Early Engorgement

Engorgement is technically breast swelling. In reality, it is when your breasts feel like full, hard, hot, painful watermelons.

Engorgement comes in two varieties, early onset and late onset. Late onset engorgement will be discussed in another article. Early onset engorgement happens when the colostrum shifts to mature milk, usually a few days after your baby is born.  It is sometimes accompanied by a low grade fever and general achiness. Many women describe feeling like they have a mild flu just before their milk comes in.

What to do?! Feed the baby. The solution to engorgement is to get the milk out. It may be harder to latch the baby on while your breasts are engorged. Hand expressing a little milk before the feeding softens the breast a little, and may make latch on easier.  Ice packs to the breasts may also give some relief. Ibuprofen will reduce inflammation and discomfort and is considered safe with breastfeeding. Another trick is to stand in a warm shower with the water gently running on your breasts and let some of the milk drain out.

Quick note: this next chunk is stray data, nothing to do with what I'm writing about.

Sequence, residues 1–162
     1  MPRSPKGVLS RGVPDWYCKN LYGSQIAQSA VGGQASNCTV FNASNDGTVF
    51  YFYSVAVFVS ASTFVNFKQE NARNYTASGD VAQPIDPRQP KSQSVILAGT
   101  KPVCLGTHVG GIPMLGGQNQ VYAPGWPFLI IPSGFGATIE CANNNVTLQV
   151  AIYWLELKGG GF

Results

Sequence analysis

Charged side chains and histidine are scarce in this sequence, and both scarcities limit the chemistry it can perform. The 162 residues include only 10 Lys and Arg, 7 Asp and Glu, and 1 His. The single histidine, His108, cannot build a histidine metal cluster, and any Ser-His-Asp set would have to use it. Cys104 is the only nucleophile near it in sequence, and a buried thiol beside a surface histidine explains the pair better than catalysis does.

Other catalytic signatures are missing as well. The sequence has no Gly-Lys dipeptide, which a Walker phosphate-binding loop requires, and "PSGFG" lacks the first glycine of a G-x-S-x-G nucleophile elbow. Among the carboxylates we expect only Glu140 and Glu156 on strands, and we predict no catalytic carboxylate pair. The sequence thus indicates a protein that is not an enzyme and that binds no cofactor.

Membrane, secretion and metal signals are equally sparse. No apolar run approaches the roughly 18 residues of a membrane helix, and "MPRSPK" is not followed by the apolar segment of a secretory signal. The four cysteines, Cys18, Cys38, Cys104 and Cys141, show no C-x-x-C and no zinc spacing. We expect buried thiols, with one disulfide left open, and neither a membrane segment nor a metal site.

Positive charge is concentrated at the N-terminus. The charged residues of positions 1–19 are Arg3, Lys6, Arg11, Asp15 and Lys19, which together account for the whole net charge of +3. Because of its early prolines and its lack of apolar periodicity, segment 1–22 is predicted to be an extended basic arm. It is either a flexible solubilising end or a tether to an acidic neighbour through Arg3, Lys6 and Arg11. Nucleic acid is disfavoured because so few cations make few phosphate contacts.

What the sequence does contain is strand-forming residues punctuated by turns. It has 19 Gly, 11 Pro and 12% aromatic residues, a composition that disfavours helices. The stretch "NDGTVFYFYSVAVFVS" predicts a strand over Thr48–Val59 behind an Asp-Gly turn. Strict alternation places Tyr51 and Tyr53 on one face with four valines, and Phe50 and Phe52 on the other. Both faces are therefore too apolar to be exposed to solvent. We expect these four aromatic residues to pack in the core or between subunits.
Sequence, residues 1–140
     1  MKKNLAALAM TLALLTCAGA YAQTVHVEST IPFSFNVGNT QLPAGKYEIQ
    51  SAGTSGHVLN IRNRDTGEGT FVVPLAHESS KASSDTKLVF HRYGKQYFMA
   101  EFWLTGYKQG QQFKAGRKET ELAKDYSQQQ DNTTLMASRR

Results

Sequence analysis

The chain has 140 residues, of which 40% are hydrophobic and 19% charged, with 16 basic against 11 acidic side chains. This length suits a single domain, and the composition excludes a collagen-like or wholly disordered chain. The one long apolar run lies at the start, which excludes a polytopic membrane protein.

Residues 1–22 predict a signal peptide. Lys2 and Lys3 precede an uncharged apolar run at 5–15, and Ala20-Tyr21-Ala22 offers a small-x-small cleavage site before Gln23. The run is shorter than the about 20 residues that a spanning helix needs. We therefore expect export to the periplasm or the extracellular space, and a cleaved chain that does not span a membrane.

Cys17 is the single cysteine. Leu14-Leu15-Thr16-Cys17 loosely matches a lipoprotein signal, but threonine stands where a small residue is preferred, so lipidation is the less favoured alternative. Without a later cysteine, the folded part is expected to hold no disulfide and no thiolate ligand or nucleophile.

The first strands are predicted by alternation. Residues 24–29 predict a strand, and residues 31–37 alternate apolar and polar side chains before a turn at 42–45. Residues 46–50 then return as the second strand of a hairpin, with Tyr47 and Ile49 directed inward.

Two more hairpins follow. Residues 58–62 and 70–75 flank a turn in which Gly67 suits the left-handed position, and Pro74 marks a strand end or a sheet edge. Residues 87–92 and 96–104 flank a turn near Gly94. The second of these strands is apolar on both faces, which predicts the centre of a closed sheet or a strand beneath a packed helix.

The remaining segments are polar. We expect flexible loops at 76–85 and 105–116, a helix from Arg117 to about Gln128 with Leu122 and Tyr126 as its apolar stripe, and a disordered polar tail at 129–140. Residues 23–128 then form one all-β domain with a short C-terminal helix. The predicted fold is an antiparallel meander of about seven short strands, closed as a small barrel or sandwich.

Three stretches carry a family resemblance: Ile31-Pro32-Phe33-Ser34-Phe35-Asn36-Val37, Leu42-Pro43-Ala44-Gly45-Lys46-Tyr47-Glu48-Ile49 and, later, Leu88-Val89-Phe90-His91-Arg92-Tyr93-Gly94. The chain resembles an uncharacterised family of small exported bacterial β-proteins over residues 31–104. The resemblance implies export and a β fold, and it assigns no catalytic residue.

There are just a couple of things to avoid in early engorgement. No heating pads, as they can worsen the swelling. And if you can avoid using a breast pump for more than 10 minutes at a stretch, that will also help. Pumps are not nearly as effective at removing the milk in early engorgement, and may make things worse.

Early engorgement is just one of the things that happen when you breastfeed your baby. It can be managed fairly easily, without much fuss. Uncomfortable though it may be, try to look at it as the fabulous beginning of your milk supply!

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